The New York Times ran an op-ed piece by a psychologist/father titled “It’s Dangerous to Be a Boy.” He tells a story about dealing with a situation his son was having as a young man. In part it went like this…
After years together laughing and riding their tricycles and then bikes up and down the block, several of the boys grew angry and mean. Ultimately, they turned on my son, taunting him, leaving him out of their games. He began to trudge home, tail between his legs. And I felt called to action.
At first, I tried to bolster his confidence so he would give the playground another go. But one Saturday morning I met him at the front steps and told him he could not come into the house. “You have to figure this out,” I said. “I’ll stay with you as long as you need, but I cannot let you just give up.”
He tried to push past me, his humiliation becoming frantic. He melted down, screaming and crying. I kept saying: “You can do it. You don’t have to give up.
I feel this is a perfect example of a father teaching his son that he wasn’t ready for the rite-of- passage (of walking in the house past his father when the work wasn’t finished)! In other words, this exact moment signified his son needed to learn a most important step in becoming an adult male; how to resolve conflict. Resolving conflict is one of the most important processes a father teaches his son in a rite-of-passage. In this example dad “nudges” him to go back to the playground to rejoin in playing, and to negotiate the conflict.
This young man was going through, by all accounts, a very pivotal point in his adolescence. His peers were testing him, they were challenging him in joining their “circle.” What dad does here by not allowing his son to cave and give up was to say “No son, it’s time to learn what being an adult male is, go back to that “challenge” and overcome your fear; I’m here for you and I support you, now don’t give up it’s time to work through it!” He didn’t let his son give up on the most important person…himself…and become a victim!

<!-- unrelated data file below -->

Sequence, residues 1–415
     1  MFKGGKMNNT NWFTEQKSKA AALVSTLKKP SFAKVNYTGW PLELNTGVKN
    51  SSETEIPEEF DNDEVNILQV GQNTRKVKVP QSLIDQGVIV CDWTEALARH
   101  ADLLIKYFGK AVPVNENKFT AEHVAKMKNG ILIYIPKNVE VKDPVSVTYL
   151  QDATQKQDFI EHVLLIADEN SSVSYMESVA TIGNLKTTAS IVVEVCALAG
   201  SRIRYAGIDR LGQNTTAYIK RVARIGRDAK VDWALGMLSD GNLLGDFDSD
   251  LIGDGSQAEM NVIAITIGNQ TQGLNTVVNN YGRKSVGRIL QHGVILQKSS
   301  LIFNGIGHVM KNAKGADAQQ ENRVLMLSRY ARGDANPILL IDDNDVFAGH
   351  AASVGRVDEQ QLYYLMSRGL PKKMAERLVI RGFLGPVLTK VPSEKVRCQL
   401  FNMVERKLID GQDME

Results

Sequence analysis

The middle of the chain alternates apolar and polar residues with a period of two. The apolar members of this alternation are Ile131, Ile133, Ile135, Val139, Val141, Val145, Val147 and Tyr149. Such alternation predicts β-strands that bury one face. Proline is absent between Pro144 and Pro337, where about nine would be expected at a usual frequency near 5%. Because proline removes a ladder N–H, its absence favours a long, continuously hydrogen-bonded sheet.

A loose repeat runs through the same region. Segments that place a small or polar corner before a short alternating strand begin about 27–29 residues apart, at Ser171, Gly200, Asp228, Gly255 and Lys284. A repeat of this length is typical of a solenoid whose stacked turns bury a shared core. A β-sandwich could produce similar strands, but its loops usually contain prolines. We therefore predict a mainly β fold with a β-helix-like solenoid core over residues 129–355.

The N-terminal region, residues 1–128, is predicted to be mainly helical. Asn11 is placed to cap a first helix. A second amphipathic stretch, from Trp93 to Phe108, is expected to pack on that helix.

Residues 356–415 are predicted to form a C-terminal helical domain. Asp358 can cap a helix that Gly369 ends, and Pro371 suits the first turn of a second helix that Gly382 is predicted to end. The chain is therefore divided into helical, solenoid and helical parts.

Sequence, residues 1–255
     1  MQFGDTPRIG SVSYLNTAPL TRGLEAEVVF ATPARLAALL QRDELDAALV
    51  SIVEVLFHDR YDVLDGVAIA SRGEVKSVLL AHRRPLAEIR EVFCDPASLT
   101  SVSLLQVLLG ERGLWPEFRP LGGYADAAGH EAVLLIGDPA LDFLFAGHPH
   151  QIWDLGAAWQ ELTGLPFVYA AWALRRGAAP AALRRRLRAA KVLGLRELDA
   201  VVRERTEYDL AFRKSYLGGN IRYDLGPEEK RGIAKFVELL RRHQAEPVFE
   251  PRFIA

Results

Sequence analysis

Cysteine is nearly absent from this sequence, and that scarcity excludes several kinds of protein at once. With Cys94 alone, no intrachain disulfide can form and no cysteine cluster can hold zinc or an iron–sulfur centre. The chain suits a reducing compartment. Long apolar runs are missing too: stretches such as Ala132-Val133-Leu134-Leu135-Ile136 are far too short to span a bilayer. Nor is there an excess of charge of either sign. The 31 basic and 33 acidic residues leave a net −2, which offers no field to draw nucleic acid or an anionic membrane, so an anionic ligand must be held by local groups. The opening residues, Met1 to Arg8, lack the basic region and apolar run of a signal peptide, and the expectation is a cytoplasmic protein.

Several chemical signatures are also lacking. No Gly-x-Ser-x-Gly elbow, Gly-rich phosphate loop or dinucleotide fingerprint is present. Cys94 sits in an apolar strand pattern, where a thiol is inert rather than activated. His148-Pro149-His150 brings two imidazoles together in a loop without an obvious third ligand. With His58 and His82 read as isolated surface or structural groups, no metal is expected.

Dad was physically present, emotionally available and partially systemically (wisdom) present. It’s one of the most powerful teachable moments I’ve had the pleasure of reading about lately. In a society where the father is mostly absent either physically, emotionally, or systemically this exemplifies the importance of the father’s role in his son’s life. It demonstrates the developmental change; the path all teenage boys will face called rite-of- passage!
Doubt Creeps In
The psychologist/father in this case goes on to say he later questions himself; “did I do the right thing?” Even today he says he’s not sure if he did and wonders if his clumsy attempt was a prejudice or bias supporting the notion that boys must override the feeling of pain and persevere. Yet he points out that his son is a very successful (professional) grown man with a family of his own.
I think that answers the question, and yes, he absolutely did the right thing, but the doubt is the big reveal here. This father did the right thing instinctively, but he’s not aware today of what that process was. As a professional working with males that’s the systemic piece missing; we’re not passing on this information in a formal way to our sons as necessary wisdom.
I propose “it’s equally dangerous to be a dad.” Here’s why…
The innate wisdom to help his son, and do what his son needed, was there instinctively for a minute! He unfortunately questions himself later if he did the right thing! That demonstrates the lack of conscious wisdom he had, or trusting the father’s role, or even the psychologist’s role! That’s why we are suffering today as males. The pattern repeats itself and we lose more wisdom generation to generation; we leak wisdom by letting it slip through the cracks a piece at a time about how to be a HEALTHY FATHER FIGURE!
Be There for Your Son
You may have seen the Gillette ad which was another ding on the armor of the males and masculinity; suggesting there is a “toxic” masculinity problem. It demonstrates what I warn dads about on a regular basis. If a father isn’t there to teach his son responsibility and healthy ways to treat each other (traditional masculinity), boys will band together and teach themselves, most of the time in unhealthy ways.….they then grow up to become fathers!
The APA suggests psychologist adopt “new guidelines” when treating males. This organization (as of this year) consists of mainly female psychologists (3 of 4). Alarming!
How about we get back to the basics of teaching and instilling the wisdom fathers once shared with their son? That is where we’re lacking; we have an absence of “healthy traditional masculinity!”
I have published two books that both detail exactly what a boy needs as well as a step by step modern day rite-of-passage guide. “Saving Our Sons-A Parent’s Guide to Preparing Boys for Success” and “Generation of Men-How to raise your son to be a healthy man among men.”